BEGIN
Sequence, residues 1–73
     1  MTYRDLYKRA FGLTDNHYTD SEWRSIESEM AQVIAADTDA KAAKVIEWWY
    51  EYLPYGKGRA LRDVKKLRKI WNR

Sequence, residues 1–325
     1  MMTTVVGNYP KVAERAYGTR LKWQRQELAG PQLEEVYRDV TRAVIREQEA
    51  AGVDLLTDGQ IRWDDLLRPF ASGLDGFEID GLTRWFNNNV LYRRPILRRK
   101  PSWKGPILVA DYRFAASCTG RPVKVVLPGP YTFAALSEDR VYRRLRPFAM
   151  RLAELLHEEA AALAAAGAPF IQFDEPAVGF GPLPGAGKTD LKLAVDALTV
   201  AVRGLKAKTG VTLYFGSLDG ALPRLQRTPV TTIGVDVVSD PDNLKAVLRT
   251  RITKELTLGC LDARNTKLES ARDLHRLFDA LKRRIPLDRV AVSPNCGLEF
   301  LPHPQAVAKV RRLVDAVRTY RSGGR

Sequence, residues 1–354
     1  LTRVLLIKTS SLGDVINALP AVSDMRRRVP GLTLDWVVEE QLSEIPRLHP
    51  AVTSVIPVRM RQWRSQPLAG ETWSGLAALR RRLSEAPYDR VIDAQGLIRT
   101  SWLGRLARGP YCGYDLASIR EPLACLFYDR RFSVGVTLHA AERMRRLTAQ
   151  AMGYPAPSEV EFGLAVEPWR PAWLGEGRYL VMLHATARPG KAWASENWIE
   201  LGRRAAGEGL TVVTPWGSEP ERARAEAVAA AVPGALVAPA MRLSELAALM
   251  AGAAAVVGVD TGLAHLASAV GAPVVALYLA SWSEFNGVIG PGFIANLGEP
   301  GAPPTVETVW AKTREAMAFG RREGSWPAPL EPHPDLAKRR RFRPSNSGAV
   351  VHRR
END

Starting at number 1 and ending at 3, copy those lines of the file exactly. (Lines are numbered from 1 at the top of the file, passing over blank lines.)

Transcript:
Sequence, residues 1–73
     1  MTYRDLYKRA FGLTDNHYTD SEWRSIESEM AQVIAADTDA KAAKVIEWWY
    51  EYLPYGKGRA LRDVKKLRKI WNR